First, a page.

The Divorce, Dissolution and Separation Act 2020 reforms the divorce process to remove the concept of fault.
Many legal professionals felt that divorce law was out of date, particularly following the 2018 Owens v Owens case.
The act was passed in June 2020 and came into force on 6 April 2022.
From 6 April, the new legislation:
- replaces the ‘five grounds’ and allows couples to divorce without assigning fault
- removes the possibility of contesting the divorce
- introduces an option for a joint application
- makes sure language is in plain English, for example, changing ‘decree nisi’ to conditional order and ‘decree absolute’ to final order
These changes also apply to the dissolution of civil partnerships.
Listen to our webinar about the divorce reforms
On 6 April 2022, there was a significant change in divorce law for England and Wales. It's the first change for 50 years.
The changes mean that instead of needing to prove the other party is at fault, there is now no requirement to assign fault when filing for divorce. Moreover, it's a completely digital process.
We held a webinar on 23 March discussing these changes.
What's the webinar about?
The aim of the session is to help you:
- understand the new divorce legislation
- gain a better understanding of the new rules and available forms
- to be able to complete the revised online application processes
We supported legislation to introduce no-fault divorce.
No-fault divorce will reduce conflict, allowing couples to focus on important issues like children, property and finances.
We also supported:
- joint petitions
- the principle of a divorce based on the statement of irretrievable breakdown of marriage
We believe the legislation could be clearer, fairer and more accessible by reviewing:
- the notice period – it should start when a partner receives their spouse’s divorce application (date of service) rather than from the start of proceedings (when one spouse applies for divorce)
- financial proceedings – if financial proceedings (Form A) have started, no final order should be granted until a financial order has been made if either party might suffer financial prejudice by a final decree before the final financial settlement
- court fee costs – the new online divorce system will cut administration costs for the courts, so this should be reflected in application fees
- the period of reflection – there should be a three-month reflection period at the beginning of the divorce proceedings to allow separating couples time to consider their situation and get the legal advice they need. Domestic violence applications or applications that relate to children in a divorce should be available during this reflection period
The government should also reintroduce legal aid for early advice to support divorcing couples and help them understand their financial responsibilities and the needs of their children.
We believe the current court fee of £593 for divorce applications is too high and discriminates against those less able to afford it.
Court fees should be reduced to reflect the fact that the new process will require less administration.
What this means for solicitors
The changes should simplify current practices and reduce conflict between couples.
Although the act received royal assent in June 2020, the reforms came into force on 6 April 2022.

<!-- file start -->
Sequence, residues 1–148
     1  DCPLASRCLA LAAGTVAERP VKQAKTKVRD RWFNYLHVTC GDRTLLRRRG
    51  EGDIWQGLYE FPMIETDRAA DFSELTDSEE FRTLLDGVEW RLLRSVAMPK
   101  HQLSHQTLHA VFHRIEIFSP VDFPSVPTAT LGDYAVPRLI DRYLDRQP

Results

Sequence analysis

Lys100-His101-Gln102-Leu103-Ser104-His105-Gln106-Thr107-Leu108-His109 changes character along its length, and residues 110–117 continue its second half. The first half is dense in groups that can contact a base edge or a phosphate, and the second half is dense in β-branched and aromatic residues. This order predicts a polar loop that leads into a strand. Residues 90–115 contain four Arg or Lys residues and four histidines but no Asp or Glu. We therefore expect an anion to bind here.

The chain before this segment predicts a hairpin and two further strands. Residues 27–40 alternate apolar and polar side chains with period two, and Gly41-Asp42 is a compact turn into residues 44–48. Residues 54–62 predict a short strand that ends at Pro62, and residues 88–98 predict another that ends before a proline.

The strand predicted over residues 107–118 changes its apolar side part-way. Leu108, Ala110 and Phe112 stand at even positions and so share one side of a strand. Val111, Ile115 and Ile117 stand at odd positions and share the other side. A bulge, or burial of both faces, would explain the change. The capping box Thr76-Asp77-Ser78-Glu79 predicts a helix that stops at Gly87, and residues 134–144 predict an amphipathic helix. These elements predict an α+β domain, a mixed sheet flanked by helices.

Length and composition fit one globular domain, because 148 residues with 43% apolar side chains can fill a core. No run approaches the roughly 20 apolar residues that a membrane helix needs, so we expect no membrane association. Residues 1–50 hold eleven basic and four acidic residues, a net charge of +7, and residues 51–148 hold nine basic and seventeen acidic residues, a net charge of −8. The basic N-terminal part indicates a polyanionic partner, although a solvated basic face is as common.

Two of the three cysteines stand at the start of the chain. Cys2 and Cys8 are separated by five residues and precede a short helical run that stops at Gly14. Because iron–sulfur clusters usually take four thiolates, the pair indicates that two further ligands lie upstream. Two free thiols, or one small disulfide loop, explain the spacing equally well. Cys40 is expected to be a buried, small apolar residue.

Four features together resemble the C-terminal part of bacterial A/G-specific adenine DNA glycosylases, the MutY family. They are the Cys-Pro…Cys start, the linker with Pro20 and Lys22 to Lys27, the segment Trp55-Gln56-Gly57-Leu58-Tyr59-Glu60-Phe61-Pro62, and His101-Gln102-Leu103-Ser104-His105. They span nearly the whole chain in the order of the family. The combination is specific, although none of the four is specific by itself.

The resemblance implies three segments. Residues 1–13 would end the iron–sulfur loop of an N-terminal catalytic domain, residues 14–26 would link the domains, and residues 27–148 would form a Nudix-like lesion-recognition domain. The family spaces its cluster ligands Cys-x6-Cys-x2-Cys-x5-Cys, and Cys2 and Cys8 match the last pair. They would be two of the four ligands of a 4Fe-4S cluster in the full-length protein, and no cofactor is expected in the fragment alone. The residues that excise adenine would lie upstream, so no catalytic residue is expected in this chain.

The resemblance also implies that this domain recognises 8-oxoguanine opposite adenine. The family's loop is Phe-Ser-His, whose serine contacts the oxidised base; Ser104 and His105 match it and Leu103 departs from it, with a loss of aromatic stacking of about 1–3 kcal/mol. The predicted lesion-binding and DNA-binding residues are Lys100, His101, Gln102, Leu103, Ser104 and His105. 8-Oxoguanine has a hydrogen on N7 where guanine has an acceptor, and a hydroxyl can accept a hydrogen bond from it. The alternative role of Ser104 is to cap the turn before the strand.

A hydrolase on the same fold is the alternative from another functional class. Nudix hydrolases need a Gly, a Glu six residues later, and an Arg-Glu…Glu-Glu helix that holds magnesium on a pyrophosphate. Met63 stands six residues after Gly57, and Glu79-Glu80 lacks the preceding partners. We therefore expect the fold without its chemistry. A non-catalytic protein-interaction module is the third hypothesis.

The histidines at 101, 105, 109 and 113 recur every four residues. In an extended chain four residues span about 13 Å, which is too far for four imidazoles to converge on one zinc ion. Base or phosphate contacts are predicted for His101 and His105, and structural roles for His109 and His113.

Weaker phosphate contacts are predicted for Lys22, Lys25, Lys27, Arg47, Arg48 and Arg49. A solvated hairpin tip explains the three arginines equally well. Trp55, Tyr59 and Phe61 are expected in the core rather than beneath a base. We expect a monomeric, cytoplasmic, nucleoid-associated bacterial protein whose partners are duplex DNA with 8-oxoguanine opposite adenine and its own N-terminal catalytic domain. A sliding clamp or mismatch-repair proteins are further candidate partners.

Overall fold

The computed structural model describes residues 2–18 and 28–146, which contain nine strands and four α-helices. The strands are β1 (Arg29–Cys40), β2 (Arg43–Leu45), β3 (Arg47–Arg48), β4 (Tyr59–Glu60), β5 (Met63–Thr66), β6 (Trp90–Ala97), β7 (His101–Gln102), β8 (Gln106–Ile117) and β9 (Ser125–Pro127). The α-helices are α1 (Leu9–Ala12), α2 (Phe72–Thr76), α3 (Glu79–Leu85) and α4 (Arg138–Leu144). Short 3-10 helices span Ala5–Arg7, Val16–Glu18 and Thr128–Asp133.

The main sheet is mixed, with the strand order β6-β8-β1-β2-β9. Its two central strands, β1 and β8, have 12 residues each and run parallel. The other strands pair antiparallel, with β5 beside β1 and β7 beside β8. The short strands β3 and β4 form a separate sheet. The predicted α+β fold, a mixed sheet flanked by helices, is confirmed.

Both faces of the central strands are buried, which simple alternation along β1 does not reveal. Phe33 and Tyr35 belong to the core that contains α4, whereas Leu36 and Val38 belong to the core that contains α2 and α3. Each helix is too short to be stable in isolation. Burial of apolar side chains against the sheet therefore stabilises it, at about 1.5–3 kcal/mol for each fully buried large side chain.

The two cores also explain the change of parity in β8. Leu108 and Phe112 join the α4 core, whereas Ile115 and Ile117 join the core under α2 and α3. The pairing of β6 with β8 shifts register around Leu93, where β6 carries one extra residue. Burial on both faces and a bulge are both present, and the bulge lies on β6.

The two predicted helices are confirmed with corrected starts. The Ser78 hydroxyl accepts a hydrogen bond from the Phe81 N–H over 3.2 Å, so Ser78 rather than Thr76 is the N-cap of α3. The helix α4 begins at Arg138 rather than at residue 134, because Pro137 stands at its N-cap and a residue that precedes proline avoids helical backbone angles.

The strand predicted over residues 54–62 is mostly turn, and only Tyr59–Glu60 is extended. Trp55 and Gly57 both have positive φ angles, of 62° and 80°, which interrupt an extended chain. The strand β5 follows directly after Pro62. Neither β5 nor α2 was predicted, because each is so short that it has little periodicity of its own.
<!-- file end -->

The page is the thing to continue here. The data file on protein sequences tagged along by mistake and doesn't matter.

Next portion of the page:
What we're doing
- April 2022 – the Divorce, Dissolution and Separation Act 2020 came into force, implementing no-fault divorce
- March 2022 – we held a seminar discussing the new rules and procedures that will be brought in by the Divorce, Dissolution and Separation Act 2020
- June 2020 – we welcomed the passing of the act, and reiterated our views on the notice period and legal aid for early advice
- June 2020 – the bill had its committee stage in the House of Commons on 17 June
- March 2020 – the bill had its committee stage in the House of Lords on 3 March and its report stage in the House of Lords on 16 March
- February 2020 - the bill had its second reading in the House of Lords, the Law Society was mentioned 10 times and there were expressions of support from the Lords for some of our suggested improvements to the bill
- January 2020 – the bill has its first reading in the House of Lords
- December 2019 – in the Queen’s Speech the government indicated its commitment to bringing back the bill
- July 2019 – we submitted evidence to the bill committee and gave oral evidence at the Public Bill Committee hearing
- July 2019 – we welcomed the bill and urged the government to review details of the divorce process
- June 2019 – the Divorce, Dissolution and Separation Bill was introduced to the House of Commons
- April 2019 – we welcomed the government’s plans to introduce the reforms through new legislation
- December 2018 – we responded to the MoJ consultation to give our views on the government’s reform plans.
- July 2018 – Supreme Court ruling on Owens v Owens. Ministry of Justice says it will look at reforms.
- March 2018 – we commissioned research, Priced Out of Justice?, which found that the legal aid means test is preventing families in poverty from accessing justice.
- March 2017 – we advised members on the implications of Owens v Owens and lobbied government about the need for change.
- 2012 – most free or subsidised early legal advice was stopped by the government. We are campaigning for legal aid to be reintroduced for early advice, particularly in family law.
- 1996 to 2019 – we continued to support solicitors and work for improvements to family law and through our Family Law Committee.
- 1996 – we supported proposals for divorce reform that became part of the Family Law Act 1996, although these were later repealed.
The MoJ’s consultation is now closed. If you would like to get involved in our work on this topic you can find out more about our Family Law Committee.
Get involved in our early advice campaign.